ADVERTISEMENT
ADVERTISEMENT

Mail

Mail Eyelashes Up Close Fascinating article by Peter Satir about cilia’s role in development and disease.1 I wonder if improper immune responses like vasculitis might be caused by degradation of the non-motile cilia on the mast cells along the lumen. The known chemical responses to foreign matter in the bloodstream which trigger inflammation through the histamine reaction along with leukocyte activity might be intimately linked to the sensi

The Scientist Staff

Mail

Eyelashes Up Close

Fascinating article by Peter Satir about cilia’s role in development and disease.1 I wonder if improper immune responses like vasculitis might be caused by degradation of the non-motile cilia on the mast cells along the lumen. The known chemical responses to foreign matter in the bloodstream which trigger inflammation through the histamine reaction along with leukocyte activity might be intimately linked to the sensing ability (or lack thereof) of these non-motile microtubules. They may exist in greater numbers and play a more important signaling role on smooth muscle cells than previously thought.

Anthony Gelbert
Air traffic controller (ret.)
Colchester, VT
agelbert@msn.com

Thank you for an interesting article. I have long puzzled about the origins of eukaryote motility—even before Lynn Margulis proposed that cilia evolved independently as spirochaete bacteria. To me then (and now) this was highly implausible, and I support the idea that cilia and...

However, Satir’s hypothesis that cilia originated as viruses is a very interesting one. From my analysis of the issue, it is very likely that early in the history of the evolution and differentiation of living things that “working” functional modules were transferred horizontally between evolving lineages. This capacity survives today in a rudimentary form with the horizontal transfer of genetic information via transformation and viral transduction. It could well be that in the early days as eukaryote lineages were differentiating that ciliary modules were exchanged horizontally.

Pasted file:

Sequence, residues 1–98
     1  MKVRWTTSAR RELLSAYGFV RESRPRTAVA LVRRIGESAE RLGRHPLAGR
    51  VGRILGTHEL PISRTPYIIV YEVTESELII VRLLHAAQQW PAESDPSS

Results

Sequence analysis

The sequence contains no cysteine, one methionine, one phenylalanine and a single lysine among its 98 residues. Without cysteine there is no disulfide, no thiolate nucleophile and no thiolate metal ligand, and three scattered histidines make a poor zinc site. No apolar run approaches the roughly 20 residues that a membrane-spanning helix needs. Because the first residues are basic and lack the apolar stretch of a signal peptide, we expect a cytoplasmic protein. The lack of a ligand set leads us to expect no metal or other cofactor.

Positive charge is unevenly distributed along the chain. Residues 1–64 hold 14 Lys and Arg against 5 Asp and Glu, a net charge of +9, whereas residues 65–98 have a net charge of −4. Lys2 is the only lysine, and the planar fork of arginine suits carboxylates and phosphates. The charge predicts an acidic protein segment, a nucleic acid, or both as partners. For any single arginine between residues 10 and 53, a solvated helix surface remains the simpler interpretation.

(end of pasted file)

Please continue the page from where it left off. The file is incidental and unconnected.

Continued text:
William P. Hall
Fellow, University of Melbourne
Victoria, Australia
whall@unimelb.edu.au

1. P. Satir, “Eyelashes Up Close,” The Scientist, 24(7):30-35, July 2010.

Scientists vs. Engineers

Re: “Scientists vs. Engineers,”1 in my 40-year career, I have migrated from science to engineering. The two disciplines are really just different sides of the same coin; science is heavier on the theoretical (they ask ‘why?’), whereas engineering is more on the application (they ask ‘how?’).

The occasional friction between these two groups stems from the apparent lack of understanding of each others’ limitations. On paper many ideas in science appear possible. However, to engineer an idea from conception to a fully operational device may prove to be extremely difficult, costly, and maybe impractical. (All comments are mine and not those of NASA or the Agency.)

Ron Fong
NASA, Ames Research Center
Moffett Field, Calif.
ronald.c.fong@nasa.gov

As an engineer myself, I think that engineers can and do handle uncertainty well. We call this risk, and build in safety factors and such like. Both groups handle different types of risk differently. The scientist may want to elegantly answer the wrong question (spending 6 months on a week’s work), but engineers do this, too. We typically have a compulsion to quantify everything, and often the wrong things. The scientist may do one simple experiment that will save a week’s worth of quantification. I’ve enjoyed working in an area that has both scientists and engineers doing the same job. We approach the problem differently, and I am a better scientist AND engineer as a result.

Jon Coffman
Principal Engineer
Andover, Mass.

1. H.S. Wiley, “Scientists vs. Engineers,” The Scientist, 24(7):29, July 2010.

Is the Synthetic Cell about Life?

I’m so happy to see something in print that describes this experiment of synthesizing a bacterial genome accurately.1 While synthesizing a full genome is a technical accomplishment, even if one of the smallest genomes around, it is not anywhere close to “synthesizing life.” It is much more similar to adding or subtracting genes or blocks of genes, and this has been going on for many years. We have no idea how to build a working membrane and we aren’t even aware of—let alone capable of synthesizing—all of the positional information inherent in a working cell.